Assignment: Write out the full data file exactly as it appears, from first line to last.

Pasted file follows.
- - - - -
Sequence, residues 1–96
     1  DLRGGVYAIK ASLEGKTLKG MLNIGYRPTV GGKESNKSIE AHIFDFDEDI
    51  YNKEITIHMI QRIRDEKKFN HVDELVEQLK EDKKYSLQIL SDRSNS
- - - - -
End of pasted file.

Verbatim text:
Sequence, residues 1–96
     1  DLRGGVYAIK ASLEGKTLKG MLNIGYRPTV GGKESNKSIE AHIFDFDEDI
    51  YNKEITIHMI QRIRDEKKFN HVDELVEQLK EDKKYSLQIL SDRSNS